No, really - what is your EMERGENCY?

This used to be the journal of a nursing student at a prestigious 4 year university that will still remain unnamed. This is now the journal of a Registered Nurse working in an Emergency Department in a major US city. All names have been changed to protect the stupid and the mean. There is no educational value in this journal, sometimes it will be downright mean and catty - this is where I come to vent!

Friday, September 14, 2007

Ok, ok you talked me into it

Ok, ok. You talked me into it. I will continue to post - a little. The title for the blog has changed a little - it is now Pissed Off New Grad Nurses. I'm not as creative as the person who came up with the original name - this was the best I could do. One other change - I will now be blogging with my real first name. I will still not divulge what school I went to, what hospital or what town I am working in, and all my coworkers names will be fake - I've got to keep some anonymity!

So, nursing is no different from many other careers - your education never really ends. However, I was kind of looking forward to getting away from the classroom setting for a while. HA. This is not to be the case. Today, I spent 8 hours in a classroom (the second of two sessions) learning about how to analyze EKG strips. Ok, definitely a useful skill. A need to know. A professional requirement. I'm paid the same for this time as I'm paid on the floor. I have no problem learning it. I have no problem sitting in a classroom with 50 of my fellow new grads while you teach it to me. But DO NOT talk to me like I am a toddler. I am a grown human who graduated from college - I am not a total idiot, you do not have to speak slowly and over enunciate your syllables.

I am all about the pre-test for a lot of these things. Would it be that hard to give us a pre-test and if you pass it, then you just tested out of the period of instruction. I really think it would save us and the educators a lot of time and effort. And that way, they would have much more time for the people who don't understand the stuff and need a little extra instruction. Some of us had this stuff in school and listening to it again in such a patronizing way is like sticking ourselves in the eyeball with the calipers. It is really sad when I would rather be reading my required reading for my Marine Corps Command and Staff course than listen to Heavy D (that is what we nicknamed the instructor owing to her big size) drone on about junctional rhythms again.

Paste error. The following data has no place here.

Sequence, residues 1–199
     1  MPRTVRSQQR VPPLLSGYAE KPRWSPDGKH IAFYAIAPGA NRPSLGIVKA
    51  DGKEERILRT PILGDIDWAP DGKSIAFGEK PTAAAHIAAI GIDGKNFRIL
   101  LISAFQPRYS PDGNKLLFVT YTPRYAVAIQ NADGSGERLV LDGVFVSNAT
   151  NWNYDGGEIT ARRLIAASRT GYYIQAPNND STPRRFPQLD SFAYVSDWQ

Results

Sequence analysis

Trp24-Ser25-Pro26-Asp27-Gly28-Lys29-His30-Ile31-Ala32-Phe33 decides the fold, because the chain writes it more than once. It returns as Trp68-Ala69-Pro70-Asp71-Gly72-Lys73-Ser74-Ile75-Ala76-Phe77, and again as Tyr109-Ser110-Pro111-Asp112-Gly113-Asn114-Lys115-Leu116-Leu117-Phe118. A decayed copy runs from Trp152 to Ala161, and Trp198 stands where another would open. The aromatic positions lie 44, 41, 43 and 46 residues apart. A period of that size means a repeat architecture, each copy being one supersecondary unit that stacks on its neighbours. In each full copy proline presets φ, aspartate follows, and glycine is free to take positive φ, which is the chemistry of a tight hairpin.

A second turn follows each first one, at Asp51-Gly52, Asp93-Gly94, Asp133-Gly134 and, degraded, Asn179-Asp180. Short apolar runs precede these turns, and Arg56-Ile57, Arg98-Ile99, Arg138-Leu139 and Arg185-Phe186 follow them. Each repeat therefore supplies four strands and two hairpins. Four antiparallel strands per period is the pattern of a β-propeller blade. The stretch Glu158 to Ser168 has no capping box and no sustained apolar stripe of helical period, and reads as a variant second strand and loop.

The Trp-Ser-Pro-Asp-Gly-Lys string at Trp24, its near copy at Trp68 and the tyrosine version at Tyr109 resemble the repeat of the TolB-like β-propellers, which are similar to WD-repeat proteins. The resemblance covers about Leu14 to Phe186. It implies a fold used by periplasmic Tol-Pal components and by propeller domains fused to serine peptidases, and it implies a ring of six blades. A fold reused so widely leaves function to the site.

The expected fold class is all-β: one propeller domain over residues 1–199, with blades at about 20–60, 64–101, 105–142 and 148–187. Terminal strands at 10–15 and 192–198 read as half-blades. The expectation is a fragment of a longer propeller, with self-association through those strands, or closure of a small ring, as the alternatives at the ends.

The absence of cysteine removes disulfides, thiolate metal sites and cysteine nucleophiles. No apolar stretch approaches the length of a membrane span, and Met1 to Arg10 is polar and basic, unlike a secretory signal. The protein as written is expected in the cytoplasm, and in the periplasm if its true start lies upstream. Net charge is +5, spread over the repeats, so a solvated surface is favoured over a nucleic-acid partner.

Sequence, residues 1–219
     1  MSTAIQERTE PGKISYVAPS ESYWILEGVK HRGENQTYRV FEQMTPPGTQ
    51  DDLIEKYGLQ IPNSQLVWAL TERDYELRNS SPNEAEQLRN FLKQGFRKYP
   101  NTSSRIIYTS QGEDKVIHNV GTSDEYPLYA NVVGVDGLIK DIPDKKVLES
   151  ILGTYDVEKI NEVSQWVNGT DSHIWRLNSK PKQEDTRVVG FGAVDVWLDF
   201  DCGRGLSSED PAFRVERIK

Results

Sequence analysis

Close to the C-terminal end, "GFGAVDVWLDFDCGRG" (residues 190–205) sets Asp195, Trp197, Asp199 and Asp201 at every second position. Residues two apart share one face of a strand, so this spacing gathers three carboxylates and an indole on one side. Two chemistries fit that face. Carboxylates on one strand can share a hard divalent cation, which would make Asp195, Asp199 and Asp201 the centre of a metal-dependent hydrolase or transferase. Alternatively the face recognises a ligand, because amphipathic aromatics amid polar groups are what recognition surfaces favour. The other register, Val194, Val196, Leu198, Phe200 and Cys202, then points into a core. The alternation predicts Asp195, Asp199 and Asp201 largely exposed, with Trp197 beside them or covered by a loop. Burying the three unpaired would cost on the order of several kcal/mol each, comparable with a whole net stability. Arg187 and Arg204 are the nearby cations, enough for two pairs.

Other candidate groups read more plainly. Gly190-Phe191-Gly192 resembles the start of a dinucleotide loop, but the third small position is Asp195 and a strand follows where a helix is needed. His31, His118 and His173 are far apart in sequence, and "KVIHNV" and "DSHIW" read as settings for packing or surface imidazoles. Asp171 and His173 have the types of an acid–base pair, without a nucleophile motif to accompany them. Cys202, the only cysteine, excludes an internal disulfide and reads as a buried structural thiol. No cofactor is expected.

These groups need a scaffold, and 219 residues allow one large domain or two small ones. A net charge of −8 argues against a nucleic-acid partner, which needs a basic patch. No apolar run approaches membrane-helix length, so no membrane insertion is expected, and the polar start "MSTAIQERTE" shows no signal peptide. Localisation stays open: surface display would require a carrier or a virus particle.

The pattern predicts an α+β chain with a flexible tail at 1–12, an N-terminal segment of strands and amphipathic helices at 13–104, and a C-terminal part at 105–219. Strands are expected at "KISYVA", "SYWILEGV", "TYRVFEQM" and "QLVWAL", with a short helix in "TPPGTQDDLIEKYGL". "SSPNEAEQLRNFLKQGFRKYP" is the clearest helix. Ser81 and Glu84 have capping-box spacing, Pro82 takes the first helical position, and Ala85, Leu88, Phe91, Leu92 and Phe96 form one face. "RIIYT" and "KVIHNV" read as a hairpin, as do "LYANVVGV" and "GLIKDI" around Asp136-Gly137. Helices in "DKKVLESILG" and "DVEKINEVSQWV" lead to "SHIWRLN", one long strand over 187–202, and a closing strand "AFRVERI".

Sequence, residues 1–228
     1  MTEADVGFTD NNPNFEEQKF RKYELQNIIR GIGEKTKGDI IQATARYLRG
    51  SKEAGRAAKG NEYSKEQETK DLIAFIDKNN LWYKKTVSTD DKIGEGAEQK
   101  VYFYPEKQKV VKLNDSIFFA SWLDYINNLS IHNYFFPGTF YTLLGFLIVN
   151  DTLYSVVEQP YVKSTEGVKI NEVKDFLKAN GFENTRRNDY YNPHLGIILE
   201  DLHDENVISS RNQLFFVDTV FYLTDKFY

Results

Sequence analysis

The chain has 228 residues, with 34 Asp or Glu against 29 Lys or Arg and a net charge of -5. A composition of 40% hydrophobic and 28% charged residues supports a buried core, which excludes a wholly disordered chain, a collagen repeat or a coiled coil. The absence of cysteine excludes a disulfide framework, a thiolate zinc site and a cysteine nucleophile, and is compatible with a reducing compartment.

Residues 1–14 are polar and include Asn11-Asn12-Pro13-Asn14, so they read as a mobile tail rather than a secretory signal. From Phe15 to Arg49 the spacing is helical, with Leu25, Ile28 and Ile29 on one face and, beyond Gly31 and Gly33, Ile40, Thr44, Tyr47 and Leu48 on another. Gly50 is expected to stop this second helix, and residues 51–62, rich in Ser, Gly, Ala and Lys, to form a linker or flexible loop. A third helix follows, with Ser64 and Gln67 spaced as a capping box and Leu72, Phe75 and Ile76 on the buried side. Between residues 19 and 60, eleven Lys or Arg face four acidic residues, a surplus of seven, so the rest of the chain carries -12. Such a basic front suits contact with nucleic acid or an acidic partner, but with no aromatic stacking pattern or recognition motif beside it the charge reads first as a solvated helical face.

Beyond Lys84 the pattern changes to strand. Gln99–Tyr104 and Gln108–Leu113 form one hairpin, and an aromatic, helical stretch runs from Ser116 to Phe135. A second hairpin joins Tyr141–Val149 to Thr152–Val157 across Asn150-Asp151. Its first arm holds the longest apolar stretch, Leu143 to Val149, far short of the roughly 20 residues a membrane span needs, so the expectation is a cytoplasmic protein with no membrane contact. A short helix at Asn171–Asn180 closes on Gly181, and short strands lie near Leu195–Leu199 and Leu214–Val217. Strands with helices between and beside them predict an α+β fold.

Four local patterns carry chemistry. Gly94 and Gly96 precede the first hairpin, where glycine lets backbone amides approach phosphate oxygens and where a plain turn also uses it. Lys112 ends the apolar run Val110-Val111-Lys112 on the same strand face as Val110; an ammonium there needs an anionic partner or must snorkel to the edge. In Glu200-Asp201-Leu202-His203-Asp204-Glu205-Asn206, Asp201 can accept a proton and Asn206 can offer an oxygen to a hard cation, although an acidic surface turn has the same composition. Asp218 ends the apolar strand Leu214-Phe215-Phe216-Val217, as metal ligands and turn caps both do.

So, I am a person who learns best through doing things. Lucky for me, my preceptor understands this and she is of the, "watch one, do one, teach one" philosophy. I like this - I get to do a lot of new things this way. The new grads in the ED are way ahead of our counterparts in the ICUs. They are not allowed to do anything. They are not even allowed to suction their patients, they don't pass meds, they can't even document in the patient chart. They are still being treated like students, complete with clinical conferences where they discuss their clinical experiences for the day. I'm all about supervised practice, having preceptors, I don't want to be thrown to the wolves all on my own too soon. But it is almost as if they have gone back in time to their first semester in nursing school. I get that we don't have very much experience, but the way you get experience is by doing things, not just talking about them.

Ok enough. I have two days off in a row - I've got to get a whole lot of fun in during those 48 hours!


  • At 1:28 PM, Blogger Sassenach said…

    I heard on the radio yesterday that the University of Iowa is cutting the number of slots for undergraduate nursing students (BSN program -- is that right?)in HALF due to a shortage of nursing instructors. They will instead significantly expand their MS and PHD programs in nursing. Doesn't sound like a shortage of nursing instructors to me. Sounds like....something else, but I'm not sure of what.

    Meanwhile there's a shortage of nurses and new grads are treated like idiots. Is that because the quality of BSN's is dropping? Or because an influx of capable RN's threatens the status quo (however miserable it is)?